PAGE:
[The texts] do not constitute speech protected under the First Amendment. These texts, which Mr. White received incessantly over the course of one evening, do not reference any particular policy or subject matter that Mr. Muller seeks to discuss. Instead, they are personal in nature, belittling, and appear to be Mr. Muller's attempt to intimidate Mr. White. Mr. White and Mr. Muller were the only participants in this conversation. There is no issue of public interest or public concern that can be gleaned from these messages. Accordingly, the Court finds that this conduct does not constitute protected speech.
Further, the Court finds that this instance of conduct forms a basis for stalking. Mr. Muller's conduct satisfies the elements of stalking because Mr. Muller either knew or should have known that both the number and content of these messages would cause Mr. White to fear for his safety, feel alarmed, or suffer emotional distress. However, to find stalking, the Court must find two instances of conduct that satisfy the elements. These texts count as one instance because they were continuing in nature and did not exceed a 24-hour period. ["Where a single act is of a continuing nature, each 24-hour period constitutes a separate occasion." D.C. Code § 22-3133 (c).] To find that Mr. Muller stalked Mr. White, the law requires at least one more instance of stalking conduct.
[2.] After these texts, Mr. Muller posted similar messages to a Facebook page called The Great Ward Eight [an active publicly accessible Facebook group of the community members of Ward 8]. These posts contained statements such as "[Mr. White] isn't from the streets." … Mr. White asked Mr. Muller to stop making these posts….
This post was made on a public social media page that is explicitly established as a forum for the community to discuss matters of public interest. As a councilman, Mr. White's background in and relationship to community is an issue of public concern. Accordingly, the Court must find that this instance is protected speech and cannot form a basis for stalking.
[3.] Towards the end of July or early August 2017, Mr. White hosted a public meeting at Excel Academy. Throughout the meeting, Mr. Muller "heckled" Mr. White by trying to ask questions. At the end of the meeting, Mr. Muller tried to walk up to Mr. White. Mr. White told Mr. Muller to leave him alone and the two parted ways….
While Mr. Muller's conduct may well have been impolite or aggressive, it was well within the protections of the First Amendment. This was a community meeting for the precise purpose of discussing issues of public concern. Although Mr. Muller may have approached Mr. White at the meeting, the record indicates that when Mr. White declined to speak with Mr. Muller, Mr. Muller left and the situation did not escalate.
[4.] In mid-July, Mr. Muller went, with other individuals, including Christopher Hawthorne, a witness at trial, to Mr. White's home and took photographs of Mr. White's car, its license plate, and a parking ticket. Mr. Muller and Mr. Hawthorne testified that they were investigating Mr. White's parking tickets due to a parking ticket proposal that Mr. White made to the D.C. Council. Mr. Hawthorne and Mr. Muller testified that they located Mr. White's car in the alleyway behind his house and were able to photograph it from the public street/ walkway. Mr. Muller then posted the images to The Great Ward Eight Facebook page. Mr. White later saw these photographs on Facebook….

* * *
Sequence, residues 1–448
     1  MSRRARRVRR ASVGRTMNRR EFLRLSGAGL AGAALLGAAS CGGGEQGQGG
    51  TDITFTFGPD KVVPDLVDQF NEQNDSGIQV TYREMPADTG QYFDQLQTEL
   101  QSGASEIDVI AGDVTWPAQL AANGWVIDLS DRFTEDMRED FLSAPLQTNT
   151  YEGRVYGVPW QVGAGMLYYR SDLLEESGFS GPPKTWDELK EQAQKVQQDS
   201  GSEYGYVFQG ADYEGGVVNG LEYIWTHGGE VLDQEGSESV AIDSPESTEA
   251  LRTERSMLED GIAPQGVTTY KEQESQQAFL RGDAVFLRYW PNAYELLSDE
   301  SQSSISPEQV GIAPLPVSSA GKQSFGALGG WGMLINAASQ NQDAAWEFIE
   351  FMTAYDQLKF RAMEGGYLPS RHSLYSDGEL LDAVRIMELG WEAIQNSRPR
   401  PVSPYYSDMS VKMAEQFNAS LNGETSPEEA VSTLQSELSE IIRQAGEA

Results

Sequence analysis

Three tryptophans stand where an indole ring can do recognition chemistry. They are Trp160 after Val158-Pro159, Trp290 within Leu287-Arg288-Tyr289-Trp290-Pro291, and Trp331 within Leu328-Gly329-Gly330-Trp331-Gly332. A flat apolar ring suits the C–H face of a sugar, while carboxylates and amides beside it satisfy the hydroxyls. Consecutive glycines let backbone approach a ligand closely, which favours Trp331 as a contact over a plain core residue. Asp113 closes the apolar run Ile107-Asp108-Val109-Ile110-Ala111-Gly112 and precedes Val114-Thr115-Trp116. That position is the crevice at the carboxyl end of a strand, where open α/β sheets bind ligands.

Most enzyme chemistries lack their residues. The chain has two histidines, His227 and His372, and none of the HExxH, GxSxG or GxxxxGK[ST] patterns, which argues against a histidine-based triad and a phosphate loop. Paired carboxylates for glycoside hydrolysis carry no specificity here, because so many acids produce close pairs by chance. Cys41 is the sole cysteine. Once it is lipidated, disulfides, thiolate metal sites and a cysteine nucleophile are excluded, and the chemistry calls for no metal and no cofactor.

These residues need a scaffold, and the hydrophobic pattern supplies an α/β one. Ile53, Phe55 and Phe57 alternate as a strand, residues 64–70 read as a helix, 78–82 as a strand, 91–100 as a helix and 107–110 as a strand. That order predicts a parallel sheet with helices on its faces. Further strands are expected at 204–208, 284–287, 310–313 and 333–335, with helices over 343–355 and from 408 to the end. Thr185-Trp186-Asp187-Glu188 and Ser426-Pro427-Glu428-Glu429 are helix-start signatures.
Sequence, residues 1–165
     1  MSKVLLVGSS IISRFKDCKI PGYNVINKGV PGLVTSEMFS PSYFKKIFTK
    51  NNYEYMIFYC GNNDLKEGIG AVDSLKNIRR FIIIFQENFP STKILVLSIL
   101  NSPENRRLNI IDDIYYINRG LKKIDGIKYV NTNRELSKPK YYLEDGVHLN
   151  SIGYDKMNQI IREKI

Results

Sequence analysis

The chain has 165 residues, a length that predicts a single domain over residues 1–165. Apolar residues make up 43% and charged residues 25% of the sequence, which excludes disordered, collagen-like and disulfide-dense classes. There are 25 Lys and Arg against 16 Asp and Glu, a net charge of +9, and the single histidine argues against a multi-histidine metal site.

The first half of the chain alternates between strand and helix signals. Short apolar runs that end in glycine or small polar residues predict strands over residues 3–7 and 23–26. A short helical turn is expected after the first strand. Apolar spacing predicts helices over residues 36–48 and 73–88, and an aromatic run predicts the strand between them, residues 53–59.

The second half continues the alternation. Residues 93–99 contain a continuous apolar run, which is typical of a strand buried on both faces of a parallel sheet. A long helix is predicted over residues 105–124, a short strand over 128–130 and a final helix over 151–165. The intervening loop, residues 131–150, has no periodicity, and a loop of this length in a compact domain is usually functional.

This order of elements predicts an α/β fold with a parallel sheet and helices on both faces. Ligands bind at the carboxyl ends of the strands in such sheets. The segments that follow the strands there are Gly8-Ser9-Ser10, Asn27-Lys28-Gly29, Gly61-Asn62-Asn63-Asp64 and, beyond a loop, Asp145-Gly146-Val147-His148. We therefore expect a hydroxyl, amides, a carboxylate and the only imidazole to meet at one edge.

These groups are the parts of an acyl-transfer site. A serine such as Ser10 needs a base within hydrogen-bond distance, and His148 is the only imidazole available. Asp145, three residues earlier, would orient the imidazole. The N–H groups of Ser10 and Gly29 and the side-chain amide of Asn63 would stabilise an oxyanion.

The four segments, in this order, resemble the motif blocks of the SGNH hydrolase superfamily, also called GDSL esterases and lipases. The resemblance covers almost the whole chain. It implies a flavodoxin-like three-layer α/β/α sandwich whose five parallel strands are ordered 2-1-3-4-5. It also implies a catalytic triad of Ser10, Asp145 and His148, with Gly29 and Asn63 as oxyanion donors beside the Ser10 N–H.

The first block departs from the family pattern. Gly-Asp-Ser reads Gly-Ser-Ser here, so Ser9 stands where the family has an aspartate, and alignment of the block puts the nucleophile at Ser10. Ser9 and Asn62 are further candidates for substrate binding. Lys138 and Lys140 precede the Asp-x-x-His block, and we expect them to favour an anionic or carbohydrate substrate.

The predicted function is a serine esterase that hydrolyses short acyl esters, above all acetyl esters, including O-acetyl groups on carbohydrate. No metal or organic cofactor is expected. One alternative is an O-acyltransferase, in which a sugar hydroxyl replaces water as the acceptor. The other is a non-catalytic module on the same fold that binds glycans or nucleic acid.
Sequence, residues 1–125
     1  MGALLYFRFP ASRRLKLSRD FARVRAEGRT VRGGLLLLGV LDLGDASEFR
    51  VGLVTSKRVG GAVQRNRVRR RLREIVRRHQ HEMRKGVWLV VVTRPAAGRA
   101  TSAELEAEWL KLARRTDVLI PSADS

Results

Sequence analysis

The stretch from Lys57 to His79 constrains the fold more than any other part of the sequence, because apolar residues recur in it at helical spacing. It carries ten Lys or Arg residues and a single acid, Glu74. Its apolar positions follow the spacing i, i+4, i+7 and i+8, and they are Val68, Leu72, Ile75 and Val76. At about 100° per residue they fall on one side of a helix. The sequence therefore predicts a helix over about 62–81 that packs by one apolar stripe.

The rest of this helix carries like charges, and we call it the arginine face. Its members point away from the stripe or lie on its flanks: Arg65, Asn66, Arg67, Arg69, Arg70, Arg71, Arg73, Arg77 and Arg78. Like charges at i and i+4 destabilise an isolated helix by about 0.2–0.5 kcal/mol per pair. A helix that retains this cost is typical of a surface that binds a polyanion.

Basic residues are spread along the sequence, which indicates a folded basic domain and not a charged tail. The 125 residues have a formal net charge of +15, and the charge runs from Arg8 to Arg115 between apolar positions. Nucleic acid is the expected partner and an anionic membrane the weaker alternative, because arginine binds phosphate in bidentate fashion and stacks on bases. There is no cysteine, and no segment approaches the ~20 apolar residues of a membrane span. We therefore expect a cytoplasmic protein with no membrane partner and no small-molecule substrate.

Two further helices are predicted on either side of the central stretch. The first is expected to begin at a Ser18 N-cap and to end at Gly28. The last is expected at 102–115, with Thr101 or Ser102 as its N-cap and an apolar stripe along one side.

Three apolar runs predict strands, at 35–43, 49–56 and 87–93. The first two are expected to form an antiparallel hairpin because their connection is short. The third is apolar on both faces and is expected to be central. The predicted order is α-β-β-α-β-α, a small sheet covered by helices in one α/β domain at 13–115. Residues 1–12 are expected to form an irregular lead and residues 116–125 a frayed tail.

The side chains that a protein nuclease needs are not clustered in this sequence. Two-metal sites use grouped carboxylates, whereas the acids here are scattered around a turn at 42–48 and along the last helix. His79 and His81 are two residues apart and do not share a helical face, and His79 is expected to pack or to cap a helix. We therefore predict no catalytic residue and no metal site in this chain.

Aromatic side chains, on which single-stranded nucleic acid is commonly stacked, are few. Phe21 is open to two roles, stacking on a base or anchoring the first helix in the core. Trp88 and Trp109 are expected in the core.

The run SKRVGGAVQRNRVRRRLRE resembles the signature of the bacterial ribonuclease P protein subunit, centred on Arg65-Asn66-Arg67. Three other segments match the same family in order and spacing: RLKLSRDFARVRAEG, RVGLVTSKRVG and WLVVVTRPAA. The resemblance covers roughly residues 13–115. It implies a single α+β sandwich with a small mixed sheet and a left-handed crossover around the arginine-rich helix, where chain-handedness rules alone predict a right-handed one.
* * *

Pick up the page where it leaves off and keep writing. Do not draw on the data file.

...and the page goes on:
While this incident appears, at first glance, to be quite intrusive, the testimony established that the group intended to look into and monitor the status of Mr. White's parking tickets in conjunction with a recent proposal before D.C. Council. Their "investigation" may have been ill-conceived; however, it did pertain to a matter of public concern and was ultimately shared with the larger community through The Great Ward Eight Facebook page. This instance of conduct consists of protected speech and cannot constitute stalking.
[5.] Mr. White testified that after he received the Temporary Protective Order, which prohibited Mr. Muller from contacting Mr. White, Mr. Muller authored a post about the matter to the Great Ward Eight Facebook page. The post stated, in part, that Mr. White "knowingly insinuated, fabricates, and advances lies about me." and "I took Mr. White's potentially libelous and slanderous lies in stride because I know how truly weak his game and knowledge of the city is. Mr. White tries to imitate he is from the streets. He is not." Mr. Muller also texted Mr. White, called Mr. White's office repeatedly over the week, and emailed Mr. White's office at least five times. Mr. Muller's conduct, paired with Mr. White's knowledge of Mr. Muller's similar conduct towards others, made Mr. White feel unsafe, alarmed, and suffer emotional distress….